Some people get upset when I compare children/people to horses, but I have to -- they are my children, and oh, do they ever get into stuff!
I leased a horse from my cousin in Wyoming, nearly 1000 miles from here, who has welded fences -- steel pipe and the cable used to support industrial cranes. He welded huge iron bolts onto the pipe, then strung the cable through them. SOLID. The horse went right through the native oak lumber fences here (6' high, boards on the INSIDE, so to remove them, he had to break them...) and went down the road to the neighbor's. He was nearly hit on the highway. He tore out all the stud pens somewhere, and nothing I had would hold him. In between, he spent time locked in a stall in the barn (too small for permanent housing), healing from the wounds he got running splinters, some a foot long, into his chest, neck, and legs.
I had to take him back home to Wyoming.
Another time, I sold a gelding who had always been here, behind woven wire, or wooden fences. He was put in a new place, and ran through the five strand barb wire before he'd stand up to be kicked/bit by the other horses there. He was not a pretty sight afterward. It took tons of doctoring to fix him up. The trouble was, he did not see a strand of wire as a containment. It was not a "fence" to him. If I had it to do over again, we'd have put him in the front yard and coaxed him into putting his nose on the electric wire, so that thin line became a "fence" in his mind.
Maybe I'm the only one who sees a connection between the two ways of setting limits... and what happens when the young don't recognize/cooperate with those limits... what a mother does with her children that either does or does not teach them of the value of rules, man-made or natural, that need to be followed in life.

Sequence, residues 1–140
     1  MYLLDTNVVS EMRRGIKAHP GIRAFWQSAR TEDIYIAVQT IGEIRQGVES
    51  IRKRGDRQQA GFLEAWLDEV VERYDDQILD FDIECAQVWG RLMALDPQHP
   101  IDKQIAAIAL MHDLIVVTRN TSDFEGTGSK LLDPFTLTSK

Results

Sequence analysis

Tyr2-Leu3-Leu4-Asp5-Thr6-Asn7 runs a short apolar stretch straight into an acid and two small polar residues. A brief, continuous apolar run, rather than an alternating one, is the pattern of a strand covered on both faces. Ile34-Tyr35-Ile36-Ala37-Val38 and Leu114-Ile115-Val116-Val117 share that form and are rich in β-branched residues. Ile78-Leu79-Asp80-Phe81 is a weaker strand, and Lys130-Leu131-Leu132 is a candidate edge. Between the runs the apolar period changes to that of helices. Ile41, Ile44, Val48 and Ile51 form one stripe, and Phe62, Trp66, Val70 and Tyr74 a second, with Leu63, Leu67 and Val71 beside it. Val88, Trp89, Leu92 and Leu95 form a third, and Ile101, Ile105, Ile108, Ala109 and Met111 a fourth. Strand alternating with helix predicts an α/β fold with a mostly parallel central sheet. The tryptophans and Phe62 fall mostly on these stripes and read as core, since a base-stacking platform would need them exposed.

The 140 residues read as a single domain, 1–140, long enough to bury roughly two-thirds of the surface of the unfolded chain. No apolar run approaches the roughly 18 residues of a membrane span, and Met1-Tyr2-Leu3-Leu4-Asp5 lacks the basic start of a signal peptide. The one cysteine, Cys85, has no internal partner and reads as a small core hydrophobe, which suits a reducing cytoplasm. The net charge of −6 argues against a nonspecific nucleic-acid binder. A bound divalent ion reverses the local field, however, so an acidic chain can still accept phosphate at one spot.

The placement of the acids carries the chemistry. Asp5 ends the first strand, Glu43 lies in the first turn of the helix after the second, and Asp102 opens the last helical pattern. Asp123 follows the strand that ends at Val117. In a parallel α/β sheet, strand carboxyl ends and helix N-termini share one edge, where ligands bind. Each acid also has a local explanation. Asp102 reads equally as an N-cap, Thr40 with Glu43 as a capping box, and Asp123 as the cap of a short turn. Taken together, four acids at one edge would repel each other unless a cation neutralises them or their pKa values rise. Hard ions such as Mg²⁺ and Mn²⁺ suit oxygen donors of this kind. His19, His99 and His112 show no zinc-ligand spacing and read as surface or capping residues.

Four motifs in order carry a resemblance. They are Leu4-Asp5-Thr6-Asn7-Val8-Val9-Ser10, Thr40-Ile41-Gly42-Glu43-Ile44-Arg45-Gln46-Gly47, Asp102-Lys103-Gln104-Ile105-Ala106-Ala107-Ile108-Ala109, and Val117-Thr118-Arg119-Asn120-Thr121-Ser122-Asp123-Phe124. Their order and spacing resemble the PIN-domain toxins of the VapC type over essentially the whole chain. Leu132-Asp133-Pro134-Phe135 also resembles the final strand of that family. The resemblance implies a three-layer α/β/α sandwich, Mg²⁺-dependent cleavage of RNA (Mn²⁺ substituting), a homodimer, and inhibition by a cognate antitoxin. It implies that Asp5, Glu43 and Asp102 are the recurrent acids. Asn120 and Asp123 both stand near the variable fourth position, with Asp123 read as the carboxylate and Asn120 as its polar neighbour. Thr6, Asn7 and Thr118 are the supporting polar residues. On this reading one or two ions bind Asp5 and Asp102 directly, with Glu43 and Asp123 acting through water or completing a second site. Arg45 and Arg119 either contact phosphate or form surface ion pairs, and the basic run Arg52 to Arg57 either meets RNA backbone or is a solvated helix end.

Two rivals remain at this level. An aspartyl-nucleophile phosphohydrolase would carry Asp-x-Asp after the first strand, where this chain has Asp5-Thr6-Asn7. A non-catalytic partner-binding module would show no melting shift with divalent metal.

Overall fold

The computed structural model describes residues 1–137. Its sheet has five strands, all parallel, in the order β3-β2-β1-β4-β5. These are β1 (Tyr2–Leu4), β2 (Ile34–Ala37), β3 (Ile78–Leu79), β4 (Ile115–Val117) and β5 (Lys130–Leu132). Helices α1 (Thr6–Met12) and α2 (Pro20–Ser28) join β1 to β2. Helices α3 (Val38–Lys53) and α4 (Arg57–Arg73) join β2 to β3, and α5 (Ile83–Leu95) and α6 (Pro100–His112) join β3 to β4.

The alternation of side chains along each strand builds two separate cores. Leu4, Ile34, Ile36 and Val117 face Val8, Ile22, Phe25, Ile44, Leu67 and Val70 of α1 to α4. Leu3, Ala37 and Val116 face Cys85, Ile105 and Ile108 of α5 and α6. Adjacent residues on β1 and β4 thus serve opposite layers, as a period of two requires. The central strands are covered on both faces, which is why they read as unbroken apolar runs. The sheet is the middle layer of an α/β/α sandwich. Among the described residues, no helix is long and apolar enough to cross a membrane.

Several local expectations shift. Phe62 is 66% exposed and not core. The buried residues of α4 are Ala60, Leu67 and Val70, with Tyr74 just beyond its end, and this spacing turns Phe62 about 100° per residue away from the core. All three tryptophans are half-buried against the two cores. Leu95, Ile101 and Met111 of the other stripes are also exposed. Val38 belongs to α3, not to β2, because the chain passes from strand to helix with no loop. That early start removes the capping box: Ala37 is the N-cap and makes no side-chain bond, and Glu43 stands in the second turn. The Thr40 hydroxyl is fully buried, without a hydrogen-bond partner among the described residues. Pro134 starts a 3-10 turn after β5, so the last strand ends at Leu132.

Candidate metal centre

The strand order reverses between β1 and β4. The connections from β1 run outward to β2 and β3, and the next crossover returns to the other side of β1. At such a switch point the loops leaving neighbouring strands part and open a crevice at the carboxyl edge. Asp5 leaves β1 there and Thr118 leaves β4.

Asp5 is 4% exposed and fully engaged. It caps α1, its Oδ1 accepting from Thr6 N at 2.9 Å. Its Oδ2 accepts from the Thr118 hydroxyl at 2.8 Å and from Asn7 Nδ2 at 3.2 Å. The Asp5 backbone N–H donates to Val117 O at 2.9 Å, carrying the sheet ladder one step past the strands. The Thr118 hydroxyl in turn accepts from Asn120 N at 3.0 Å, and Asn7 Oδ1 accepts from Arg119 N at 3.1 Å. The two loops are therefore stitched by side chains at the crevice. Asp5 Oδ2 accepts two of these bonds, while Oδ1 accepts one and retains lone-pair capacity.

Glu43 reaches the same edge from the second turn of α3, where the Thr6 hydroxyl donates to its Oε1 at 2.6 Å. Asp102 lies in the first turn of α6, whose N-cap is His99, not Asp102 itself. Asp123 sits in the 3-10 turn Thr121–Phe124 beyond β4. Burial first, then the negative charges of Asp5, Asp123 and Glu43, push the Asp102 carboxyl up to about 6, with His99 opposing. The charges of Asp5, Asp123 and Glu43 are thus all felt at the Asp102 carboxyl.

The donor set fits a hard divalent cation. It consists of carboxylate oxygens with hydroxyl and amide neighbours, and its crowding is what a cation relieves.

I heard a really good interview on NPR about some real-life cowboys who work the border. I forget the picturesque name they call them. Dippers, or Tickers... their job is to capture and return livestock that crosses the border between Texas and Mexico. There's some nasty tick-borne illness that comes in on the strays. To eradicate it, farmers have to dip the animals totally for up to nine months straight. Red (Tick?) Fever, I think was the name.
The country is nasty brush that tears up livestock and rider's legs if they are unprotected. Along the way, the interviewer asked what it took to be that kind of a cowboy. Wow, was that ever an eye opener. Among all the qualities a person had to have were extreme patience (ex., once a ticker or whatever they're called, ropes a bull, it can take four of them several hours to go a mile and a half with him), perseverance (once you rope one, you DON'T let go, no matter what), good people skills (you have to talk to ___ ___ poor Mexican farmer with just one burro, who has strayed, with just as much respect and understanding as you'd use with ___ ___ big rancher with 5-10 thousand head. You have to be able to educate without recriminations,) be a good roper, have the ability to face adversity (temps of 100, dust, wind, rain, cold in season,) able to stand solitude, and OWN your own horse, which had to be native to the area so it knew how to handle itself in the brush.
He was a super interview... During the taping, we heard sounds of the brush he was using on the horse after it clanked backward out of the trailer, and he explained why it was so important and told how much the horse enjoyed it... Everything he did had a reason, and his delivery was slow and easy, a time to every purpose under heaven sort. He was contented with his job, 53 years old, I think he said, and pointed out how many of the men working the border had been doing it for a LONG time. He told about the personality types that would NOT work out, and he was pretty funny about it. Control freaks (not what he called them) need not apply -- they'll just be constantly frustrated.
The part about the horse suiting the environment really hit home with me. A non-local horse would not know the ropes, so to speak. As he was talking, I thought about life in general. Most of the non-specific qualities (throwing a rope, owning a horse) were what a mother needs to teach her children... and they have to survive the lessons.
I'm not tough enough to be a mom.